The Singing Estate: What Happened Next - Tuesday March 27

the singing estate: what happened next
19.15–20.00

Twelve months ago, conductor Ivor Setterfield transformed 40 residents of Oxford’s Blackbird Leys Estate into a choir fit to perform at the Royal Albert Hall with G4. The experience had a profound effect on everyone involved, but what has happened to the singers one year on?

Fivearts Cities, a joint initiative between Five and Arts Council England, has been working in Oxford over the past year with Oxford Contemporary Music and Oxford Philomusica to encourage people to participate in the arts. One year after the work began, one of the scheme’s main projects – the Blackbird Leys Choir –is still going strong. Thanks to Oxford Philomusica, the choir now has a new choral master, Andrew Stewart, and a new conductor, Marios Papadopoulos, who are preparing the singers for a string of other concerts.

On his return to the city, Ivor Setterfield is delighted that his protégés have embraced classical music with such fervour, and he now wants them to spread the word. Hoping that they will become “ambassadors for the idea of singing being good for people”, Ivor wants them to recruit a new choir – one that will fill the Oxford town hall and perform the Hallelujah Chorus in a one-day event called ‘Oxford Sings’, to be broadcast on radio. But there is very little time to organise this – will his singers be able to convince the citizens of Oxford that they’ve got what it takes?

Soprano Kayleigh, who was just 16 when the project began, is sent out on to the streets to kickstart the campaign by canvassing public interest. This is an impressive feat for Kayleigh, who suffered from a lack of confidence a year ago. Ivor recalls how Kayleigh progressed from a nervous girl to a confident singer, and she agrees: her experiences in the choir have inspired her to follow her dream of a career on stage and enrol on a theatre course. So many of the choir have benefited from their experience – even those who left the choir, like tenor Bobby and bass Colin, who used what they learned in their own musical projects. Ivor wants more people to enjoy similar experiences by taking part in ‘Oxford Sings’.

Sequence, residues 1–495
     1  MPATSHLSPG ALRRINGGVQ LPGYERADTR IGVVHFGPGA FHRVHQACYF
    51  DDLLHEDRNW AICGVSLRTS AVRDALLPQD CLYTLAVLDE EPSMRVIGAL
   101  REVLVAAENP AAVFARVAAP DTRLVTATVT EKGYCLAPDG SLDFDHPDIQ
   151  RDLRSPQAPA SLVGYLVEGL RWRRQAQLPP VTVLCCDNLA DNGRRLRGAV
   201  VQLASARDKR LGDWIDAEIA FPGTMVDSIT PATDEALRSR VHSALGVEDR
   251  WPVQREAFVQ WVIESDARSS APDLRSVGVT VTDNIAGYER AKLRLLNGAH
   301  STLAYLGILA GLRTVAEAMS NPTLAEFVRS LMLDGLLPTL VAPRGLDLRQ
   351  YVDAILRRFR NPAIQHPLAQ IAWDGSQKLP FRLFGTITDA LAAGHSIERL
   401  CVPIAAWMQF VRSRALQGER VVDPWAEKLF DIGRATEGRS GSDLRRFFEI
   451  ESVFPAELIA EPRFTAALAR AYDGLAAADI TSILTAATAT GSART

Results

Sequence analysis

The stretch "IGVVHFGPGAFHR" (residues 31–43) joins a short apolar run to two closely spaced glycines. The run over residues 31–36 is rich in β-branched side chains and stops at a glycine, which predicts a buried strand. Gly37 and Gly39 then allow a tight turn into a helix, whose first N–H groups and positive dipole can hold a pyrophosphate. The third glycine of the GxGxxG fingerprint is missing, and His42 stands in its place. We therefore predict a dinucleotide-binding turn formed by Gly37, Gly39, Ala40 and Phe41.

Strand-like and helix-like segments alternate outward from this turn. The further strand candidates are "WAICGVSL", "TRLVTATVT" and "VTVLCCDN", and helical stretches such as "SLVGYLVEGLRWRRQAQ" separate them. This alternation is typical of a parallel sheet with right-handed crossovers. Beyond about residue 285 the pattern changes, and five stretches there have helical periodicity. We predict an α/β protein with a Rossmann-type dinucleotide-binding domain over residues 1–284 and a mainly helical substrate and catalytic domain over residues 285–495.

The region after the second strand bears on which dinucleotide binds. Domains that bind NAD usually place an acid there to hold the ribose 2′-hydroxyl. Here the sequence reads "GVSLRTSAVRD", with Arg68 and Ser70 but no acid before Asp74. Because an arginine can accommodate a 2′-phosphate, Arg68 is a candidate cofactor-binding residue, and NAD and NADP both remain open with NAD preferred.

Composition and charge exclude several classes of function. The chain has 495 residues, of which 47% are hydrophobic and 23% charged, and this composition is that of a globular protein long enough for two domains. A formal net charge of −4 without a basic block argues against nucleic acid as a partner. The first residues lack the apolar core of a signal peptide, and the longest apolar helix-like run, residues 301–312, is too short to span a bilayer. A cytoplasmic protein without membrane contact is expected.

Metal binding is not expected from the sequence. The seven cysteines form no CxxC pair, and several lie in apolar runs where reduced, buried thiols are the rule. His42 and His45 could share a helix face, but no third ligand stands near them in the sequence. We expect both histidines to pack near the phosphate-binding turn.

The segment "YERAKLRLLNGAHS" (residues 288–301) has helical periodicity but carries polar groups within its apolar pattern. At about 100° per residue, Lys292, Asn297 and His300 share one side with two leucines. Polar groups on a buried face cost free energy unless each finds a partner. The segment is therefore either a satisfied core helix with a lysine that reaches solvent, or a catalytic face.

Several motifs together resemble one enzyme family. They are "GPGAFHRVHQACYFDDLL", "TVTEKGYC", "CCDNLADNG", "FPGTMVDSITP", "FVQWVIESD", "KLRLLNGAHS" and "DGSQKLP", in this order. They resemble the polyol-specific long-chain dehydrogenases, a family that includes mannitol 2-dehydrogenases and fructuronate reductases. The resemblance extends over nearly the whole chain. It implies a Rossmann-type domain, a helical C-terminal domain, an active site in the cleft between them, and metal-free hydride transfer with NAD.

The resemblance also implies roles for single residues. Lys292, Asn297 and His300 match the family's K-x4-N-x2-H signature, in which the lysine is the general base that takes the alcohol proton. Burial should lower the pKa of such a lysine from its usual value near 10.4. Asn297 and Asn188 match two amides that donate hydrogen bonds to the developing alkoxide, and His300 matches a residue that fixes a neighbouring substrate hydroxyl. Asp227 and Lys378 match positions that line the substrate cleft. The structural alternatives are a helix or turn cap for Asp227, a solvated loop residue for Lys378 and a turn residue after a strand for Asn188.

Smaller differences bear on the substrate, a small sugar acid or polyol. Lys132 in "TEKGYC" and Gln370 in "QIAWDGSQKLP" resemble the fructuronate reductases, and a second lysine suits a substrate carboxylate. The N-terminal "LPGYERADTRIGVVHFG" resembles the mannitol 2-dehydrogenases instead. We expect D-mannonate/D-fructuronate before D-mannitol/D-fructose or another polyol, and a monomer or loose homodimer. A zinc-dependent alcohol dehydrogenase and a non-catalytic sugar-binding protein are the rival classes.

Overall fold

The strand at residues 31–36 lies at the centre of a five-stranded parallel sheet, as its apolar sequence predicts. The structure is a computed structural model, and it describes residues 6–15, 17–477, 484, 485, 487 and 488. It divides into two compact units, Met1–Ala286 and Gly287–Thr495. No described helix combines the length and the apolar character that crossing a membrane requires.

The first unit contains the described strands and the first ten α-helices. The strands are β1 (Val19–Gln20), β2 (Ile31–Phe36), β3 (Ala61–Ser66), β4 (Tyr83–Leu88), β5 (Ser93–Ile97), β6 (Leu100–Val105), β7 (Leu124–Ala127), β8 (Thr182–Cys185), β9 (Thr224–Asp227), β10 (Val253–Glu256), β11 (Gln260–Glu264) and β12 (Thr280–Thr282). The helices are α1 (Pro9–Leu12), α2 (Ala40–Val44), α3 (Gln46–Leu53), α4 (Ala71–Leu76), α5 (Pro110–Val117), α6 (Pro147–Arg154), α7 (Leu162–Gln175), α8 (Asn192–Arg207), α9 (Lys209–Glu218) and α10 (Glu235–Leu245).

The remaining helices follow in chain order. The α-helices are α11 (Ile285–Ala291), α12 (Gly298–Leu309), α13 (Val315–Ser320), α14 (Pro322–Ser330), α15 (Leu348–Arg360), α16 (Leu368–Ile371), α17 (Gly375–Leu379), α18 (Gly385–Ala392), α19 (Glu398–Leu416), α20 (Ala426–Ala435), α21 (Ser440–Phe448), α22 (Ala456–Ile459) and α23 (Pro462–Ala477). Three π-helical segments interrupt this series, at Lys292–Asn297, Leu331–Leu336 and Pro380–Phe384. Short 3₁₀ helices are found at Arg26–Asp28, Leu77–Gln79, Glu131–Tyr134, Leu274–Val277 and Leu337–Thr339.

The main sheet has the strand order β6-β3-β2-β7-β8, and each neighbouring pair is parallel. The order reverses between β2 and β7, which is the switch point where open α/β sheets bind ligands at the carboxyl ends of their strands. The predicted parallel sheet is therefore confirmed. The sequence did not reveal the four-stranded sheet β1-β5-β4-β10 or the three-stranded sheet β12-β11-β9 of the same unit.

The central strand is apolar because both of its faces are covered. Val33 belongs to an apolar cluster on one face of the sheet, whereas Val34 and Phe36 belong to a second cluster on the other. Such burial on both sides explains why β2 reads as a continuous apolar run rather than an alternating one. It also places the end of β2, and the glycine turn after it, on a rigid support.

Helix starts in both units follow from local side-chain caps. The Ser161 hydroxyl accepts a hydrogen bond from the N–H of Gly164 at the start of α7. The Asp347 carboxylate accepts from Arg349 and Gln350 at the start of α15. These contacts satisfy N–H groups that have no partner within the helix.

However, before this can happen, Ivor learns that he and the Blackbird Leys Choir have received a special invitation to attend the Annual Achievers reception at Buckingham Palace, where the choir will perform for the Queen and Prince Philip! It’s the first time that the choir has performed for an audience since their triumphant Royal Albert Hall concert – and this time it’s by Royal appointment!

The new choral master, Andrew Stewart, who has prepared the singers over the previous weeks, comes along to calm nerves and conduct. As well as performing carols as people arrive at the reception, the Blackbird Leys choir also perform the Hallelujah Chorus in the Music Room for the Queen. The group is ecstatic: “One of the best days I’ve ever had,” announces 72-year-old Eric.

With ‘Oxford Sings’ only two days away, Kayleigh and Alun get a spot on local radio to encourage singers to attend. And everyone’s hard work pays off when the day of the event dawns and the town hall is filled with hundreds of singers. This provides a huge task for Ivor, who divides the singers into bass, tenor, alto and soprano sections and splits his time between them. The singers, who range in age from young children to a 98-yearold lady, are then joined by the Scarborough in Song Community Choir, who have travelled five hours to be here and are excited about the chance to “experience a choir on a grand scale”.

When the hectic day of training, rehearsals and nerves comes to an end with an astounding rendition of the Hallelujah Chorus, conductor and choir alike are overjoyed at their achievement. “That was one of the most exhilarating experiences of my life,” says one singer. “It was fantastic.” “I looked at the faces and there was just happiness everywhere,” adds a beaming Ivor. “Music makes you well. Music makes you happy.”

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